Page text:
ditch,

the poetry that matters

David B. McCoy

David B. McCoy is a Social Studies teacher in a township school near Massillon, Ohio, and an ordained member of the Spiritual Humanist Clergy.

Since 1979, David has run Spare Change Press, which in 2007 went to a web-based format for its Solo Flyer.

David is the author of Ohio Wineries Guidebook; the Internet book, Buffalo Time;  The Geometry of Blue: Prose and Selected Poetry, and Voices from Behind the Mask.  (Ordering information can be found at www.dbmccoy.info )

 

 

I was born an island.  A dozen or so people lived on me.  No, I don’t know that exact number, and no, I don’t know which ocean…might have been in the Black Sea as far as I know.  Most of the inhabitants were likable.  A few were not.  I enjoyed it most when they built fires or made love.  One day we were all rescued.  The people boarded a large cruise ship, and I was towed to an enclosed bay where I walked out onto land to begin my life as a Chinese paper dragon.

 

 

The woman yearning for a mate has changed herself into a monarch butterfly and is flying to Mexico.  By the time she reaches the boarder, she realizes that she has been overtaken by reproductive diapause.  Out of frustration, the woman who changed herself into a monarch butterfly changes herself into a quail egg and falls to the ground where the rodents, the rodents, the rodents…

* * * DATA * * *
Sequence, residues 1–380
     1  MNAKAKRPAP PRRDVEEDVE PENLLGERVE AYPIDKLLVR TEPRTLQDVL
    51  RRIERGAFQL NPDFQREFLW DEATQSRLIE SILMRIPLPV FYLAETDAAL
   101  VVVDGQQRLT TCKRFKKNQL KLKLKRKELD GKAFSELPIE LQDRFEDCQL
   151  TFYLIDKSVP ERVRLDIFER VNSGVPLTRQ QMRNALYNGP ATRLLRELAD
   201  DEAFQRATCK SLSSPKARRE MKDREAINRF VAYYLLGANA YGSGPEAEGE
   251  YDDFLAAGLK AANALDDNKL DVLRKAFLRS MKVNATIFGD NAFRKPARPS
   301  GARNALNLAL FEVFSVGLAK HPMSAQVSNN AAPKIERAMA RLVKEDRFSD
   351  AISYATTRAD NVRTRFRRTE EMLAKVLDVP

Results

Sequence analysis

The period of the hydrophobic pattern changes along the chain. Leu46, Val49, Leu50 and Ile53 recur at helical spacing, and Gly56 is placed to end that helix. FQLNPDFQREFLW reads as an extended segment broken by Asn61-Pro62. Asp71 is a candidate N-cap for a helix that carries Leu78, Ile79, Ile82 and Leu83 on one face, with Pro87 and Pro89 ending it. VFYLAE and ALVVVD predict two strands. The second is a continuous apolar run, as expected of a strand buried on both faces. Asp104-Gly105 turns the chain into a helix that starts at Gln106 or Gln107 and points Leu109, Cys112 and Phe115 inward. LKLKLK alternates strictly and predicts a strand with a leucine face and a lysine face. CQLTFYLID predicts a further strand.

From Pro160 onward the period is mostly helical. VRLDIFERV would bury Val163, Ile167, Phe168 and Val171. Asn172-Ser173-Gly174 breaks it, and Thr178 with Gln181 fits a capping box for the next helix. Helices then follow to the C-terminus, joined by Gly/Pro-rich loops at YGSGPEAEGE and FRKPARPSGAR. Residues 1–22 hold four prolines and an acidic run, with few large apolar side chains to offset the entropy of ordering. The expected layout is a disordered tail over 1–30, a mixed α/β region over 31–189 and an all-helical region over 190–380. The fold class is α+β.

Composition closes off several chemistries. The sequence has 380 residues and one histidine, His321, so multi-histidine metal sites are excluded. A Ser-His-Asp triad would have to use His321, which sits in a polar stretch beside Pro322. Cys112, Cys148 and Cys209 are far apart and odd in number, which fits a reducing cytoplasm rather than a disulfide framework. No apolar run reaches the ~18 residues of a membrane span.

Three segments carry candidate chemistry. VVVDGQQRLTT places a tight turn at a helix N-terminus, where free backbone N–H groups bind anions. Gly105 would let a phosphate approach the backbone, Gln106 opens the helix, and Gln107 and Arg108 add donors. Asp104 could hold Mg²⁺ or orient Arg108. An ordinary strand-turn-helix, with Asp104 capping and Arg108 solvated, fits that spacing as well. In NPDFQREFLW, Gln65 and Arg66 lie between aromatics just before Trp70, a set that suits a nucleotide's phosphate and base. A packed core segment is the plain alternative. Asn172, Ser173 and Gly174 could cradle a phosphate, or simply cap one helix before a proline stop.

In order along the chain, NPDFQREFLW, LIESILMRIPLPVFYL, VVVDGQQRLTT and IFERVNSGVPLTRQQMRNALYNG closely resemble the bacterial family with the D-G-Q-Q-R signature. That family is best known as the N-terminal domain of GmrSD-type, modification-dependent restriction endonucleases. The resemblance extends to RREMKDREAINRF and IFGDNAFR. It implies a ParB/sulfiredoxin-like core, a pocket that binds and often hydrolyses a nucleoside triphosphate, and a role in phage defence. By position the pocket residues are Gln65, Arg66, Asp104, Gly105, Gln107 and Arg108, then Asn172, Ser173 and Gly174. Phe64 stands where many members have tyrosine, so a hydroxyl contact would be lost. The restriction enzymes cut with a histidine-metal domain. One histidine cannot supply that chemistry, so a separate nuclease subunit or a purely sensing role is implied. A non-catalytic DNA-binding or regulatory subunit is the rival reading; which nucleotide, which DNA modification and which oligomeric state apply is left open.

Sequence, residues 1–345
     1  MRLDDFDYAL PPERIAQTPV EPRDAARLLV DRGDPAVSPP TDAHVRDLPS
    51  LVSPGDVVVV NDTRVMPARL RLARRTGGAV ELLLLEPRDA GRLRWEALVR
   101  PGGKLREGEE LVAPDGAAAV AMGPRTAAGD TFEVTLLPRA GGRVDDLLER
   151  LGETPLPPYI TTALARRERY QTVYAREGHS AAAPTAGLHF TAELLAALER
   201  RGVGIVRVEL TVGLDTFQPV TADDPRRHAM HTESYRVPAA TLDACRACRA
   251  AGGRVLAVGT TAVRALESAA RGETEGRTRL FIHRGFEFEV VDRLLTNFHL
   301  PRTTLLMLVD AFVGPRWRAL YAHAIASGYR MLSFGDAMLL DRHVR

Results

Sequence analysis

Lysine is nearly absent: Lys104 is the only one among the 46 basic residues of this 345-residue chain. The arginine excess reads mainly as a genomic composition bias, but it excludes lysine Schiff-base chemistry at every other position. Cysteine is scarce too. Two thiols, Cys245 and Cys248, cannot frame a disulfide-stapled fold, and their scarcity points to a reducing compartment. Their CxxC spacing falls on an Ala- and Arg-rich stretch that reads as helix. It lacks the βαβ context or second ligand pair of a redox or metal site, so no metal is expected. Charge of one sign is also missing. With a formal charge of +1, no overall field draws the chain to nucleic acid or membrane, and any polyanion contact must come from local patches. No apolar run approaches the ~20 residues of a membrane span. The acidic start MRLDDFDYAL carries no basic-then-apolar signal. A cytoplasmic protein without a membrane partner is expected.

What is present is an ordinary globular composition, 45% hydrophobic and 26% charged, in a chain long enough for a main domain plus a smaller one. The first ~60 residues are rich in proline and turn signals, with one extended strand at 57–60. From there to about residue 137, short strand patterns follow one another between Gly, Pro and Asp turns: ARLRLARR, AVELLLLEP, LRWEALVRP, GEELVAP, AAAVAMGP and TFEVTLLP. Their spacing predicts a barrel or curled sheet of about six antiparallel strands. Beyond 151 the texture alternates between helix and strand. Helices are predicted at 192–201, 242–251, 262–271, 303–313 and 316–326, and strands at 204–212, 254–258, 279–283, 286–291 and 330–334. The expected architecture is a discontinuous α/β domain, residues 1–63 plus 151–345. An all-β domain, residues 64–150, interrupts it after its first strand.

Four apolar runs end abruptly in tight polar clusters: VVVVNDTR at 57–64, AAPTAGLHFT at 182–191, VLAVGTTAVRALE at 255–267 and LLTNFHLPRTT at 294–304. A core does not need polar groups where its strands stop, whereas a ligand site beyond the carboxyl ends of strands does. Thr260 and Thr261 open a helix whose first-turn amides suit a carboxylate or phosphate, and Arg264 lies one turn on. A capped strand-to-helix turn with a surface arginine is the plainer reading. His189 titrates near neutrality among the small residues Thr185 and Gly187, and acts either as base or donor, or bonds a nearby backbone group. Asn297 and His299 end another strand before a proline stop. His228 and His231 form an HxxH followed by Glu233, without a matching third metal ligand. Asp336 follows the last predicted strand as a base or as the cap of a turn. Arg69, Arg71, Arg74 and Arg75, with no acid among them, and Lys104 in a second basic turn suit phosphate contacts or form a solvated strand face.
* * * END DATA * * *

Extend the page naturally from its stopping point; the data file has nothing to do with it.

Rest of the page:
The forest is sobbing in grief and bald heads are pushing up though boggy soil.  In a room across the way, plastic flowers rest on a kitchen table.  As the sound of distant hunting horns fill the breeze, bald heads emerge through the floor.  Damn! Damn! Damn! The woman in the room across the way says without interrupting her methodical passion for placing plastic flowers on the kitchen table.

 

  

 

While sunbathing on a small raft, a man with a jack hammer appears and splits open my chest where

he plants a bushy tree.  When I ask him why on earth he just split open my chest and planted a

bushy tree, he tells me, “Because you were dreaming of having some shade.”

 

 

 

 

Mona Lisa’s smile has moved into our neigh-borhood.  Daily, faces drive by her house hoping to snatch a glimpse.  Once in a while I do see Mona Lisa’s smile peaking out from behind her curtains—but she appears rather reserved and shy. Only on holidays, when Andy Warhol’s wig drops by, do you hear a peep out of her. But when you do, you’d think all hell is breaking loose.

 

 

 

 

 

 

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